Sparked by lightning, this fierce fire is being fueled by drought, unusually high temperatures, and gusty winds.  Currently only 2% contained, weather conditions are likely to change in the coming days and give firefighters a helping hand. Forecasters say cooler, moist air will move into the region and winds should ease. Nonetheless, if this incoming  weather pattern generates thunderstorms more fires could be ignited.

This blaze, according to the National Interagency Fire Center, is just one of 24 large wildfires currently burning in the drought stricken American West.

Carlton Complex Fire rages in Washington State.  Credit: KING5

Carlton Complex Fire rages in Washington State. Credit: KING5


Drought conditions across the American West. Credit: US Drought Monitor.

Smoky Haze Fills the Air in NYC

The smell of smoke filled the air in New York City Monday morning.  Its source was a 1,600-acre brush fire in Wharton State Forest, NJ – about 90 miles away.

Burning since late Sunday, the smoke was trapped near the ground by a local temperature inversion. This is a weather phenomenon where the temperature in the atmosphere increases with height instead of decreasing.  Essentially, the inversion layer acted like a lid and caused the smoke to spread out horizontally rather than vertically.  A low level wind from the southeast then carried the smoke toward the city.

The smoky haze prompted the EPA to issue an air quality alert for the NYC area. With a spike in the pollutant known as “fine particulate matter”, this was the first time this year that the city’s air quality dropped below “moderate” on the agency’s AQI scale.

Smoky haze fills the air in NYC.  Image Credit: WPIX.

Smoky haze fills the air in NYC.  Image Credit: PIX11.

Wildfires in Australia

Wildfires are blazing across southeast Australia. Nearly sixty different fires are currently burning in the state of New South Wales –the country’s most populous region. The largest, nearly 190 miles wide, is burning in the Blue Mountains outside of Sydney.

Since last Thursday, according to local officials, more than two hundred homes have been destroyed and at least one death has been reported. While the exact causes of these intense fires have not yet been identified, recent weather conditions have not been helpful.

According to the Australian Bureau of Meteorology, September 2012 to August 2013 was the country’s warmest twelve-month period on record. On top of that, the past few months have been unusually dry. These extended hot and parched conditions have dried out vegetation, which in turn, is helping to fuel the flames of this massive wildfire outbreak.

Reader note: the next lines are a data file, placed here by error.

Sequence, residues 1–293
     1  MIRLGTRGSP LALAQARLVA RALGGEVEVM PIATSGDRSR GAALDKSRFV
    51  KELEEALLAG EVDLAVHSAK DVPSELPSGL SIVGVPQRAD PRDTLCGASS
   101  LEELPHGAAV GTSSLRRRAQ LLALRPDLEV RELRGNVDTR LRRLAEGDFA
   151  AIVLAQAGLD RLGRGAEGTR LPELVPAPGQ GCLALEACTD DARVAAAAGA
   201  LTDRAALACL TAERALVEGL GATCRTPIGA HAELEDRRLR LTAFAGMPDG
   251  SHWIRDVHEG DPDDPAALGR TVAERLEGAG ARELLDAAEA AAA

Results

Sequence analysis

While wildfires are common in Australia during the summer, that season does not officially begin until December in the southern hemisphere.  The early start and widespread scope of the current fires are very unusual.

A Week of Wild Weather Across the U.S.

Extreme weather battered much of the United States this past week.  From heavy snow and tornadoes in the plains to a tropical storm in the Gulf and blustery Santa Ana winds in California, this country saw it all in just six days.

Starting on Tuesday, a pre-season winter storm dumped massive amounts of snow across Wyoming and South Dakota. Some places, like Deadwood, SD received as much as 48 inches.

On Wednesday, the NWS named Tropical Storm Karen. Moving north across the Gulf of Mexico, it threatened coastal communities from Louisiana to Florida with heavy rain and storm surge flooding.  Luckily, however, the storm was downgraded to a rainstorm by the time it came ashore.

By Friday, the cold air that produced the blizzard in the northern plains collided with warm moist air to the east and unleashed severe thunderstorms across the region.  They, in turn, spawned numerous tornadoes.  One of the hardest hit areas was Wayne, NE where an EF-4 twister with winds measured up to 170-mph tore through the town.  While widespread property damage and numerous injuries were reported, there were no fatalities.

Over the weekend, powerful Santa Ana winds blasted southern California with gusts reaching 90-mph in some areas.  These warm, dry winds helped fuel a large wildfire in San Diego County.

While extreme weather events are not unusual in this country, having such a large number and wide variety happen more-or-less at once is very rare.

Drought Update: Summer 2013

This summer has been marked by heavy rain and even flooding in many parts of the United States.  Long-term drought, however, continues to plague a large section of this country.

According to the latest report from the U.S. Drought Monitor, 45% of this nation is in some form of drought. While this number represents improvement for some areas, such as the east and mid-west, the western states remain dry. Conditions of moderate drought or worse cover 77% of that region with 19% suffering under extreme drought.  These numbers are up from this time last year.

As the drought intensifies in the west, it is helping to fuel the region’s numerous wildfires.

droughtImage Credit: U.S. Drought Monitor

Western Wildfires and Climate Change

Summer is wildfire season in the American West, and it is off to a raging start. Fueled by prolonged drought and extreme heat, many experts agree that climate change is a significant contributing factor to this year’s widespread fires.

According to NOAA, the past eleven years have all ranked among the warmest on record in terms of global average temperatures. This warming trend, scientists report, is causing an increase in both the frequency and intensity of many dangerous weather phenomena, including forest fires.

This year, hot and dry conditions have dominated much of the United States.  In fact, this summer’s excessive heat follows our country’s warmest spring ever and fourth warmest winter to date.  In the West, these unusually mild conditions did not allow a sizeable snow pack to accumulate in the mountains, reducing spring run-off.  As a result, the region is parched and susceptible to any type of spark.

Warmer winters have also allowed the Rocky Mountain Pine Beetle population to explode and spread to higher elevations.  Feeding on various types of pines, the beetles leave large stands of dead trees in their wake when they move through an area. These ghost forests then essentially act as kindling for potential wildfires.

As of today, nearly forty large fires are burning in ten western states. Despite the arrival of the region’s monsoon season, many of these destructive flames are expected to continue blazing throughout the summer.

Intense wildfires burn across the American West.

Image Credit: KSTP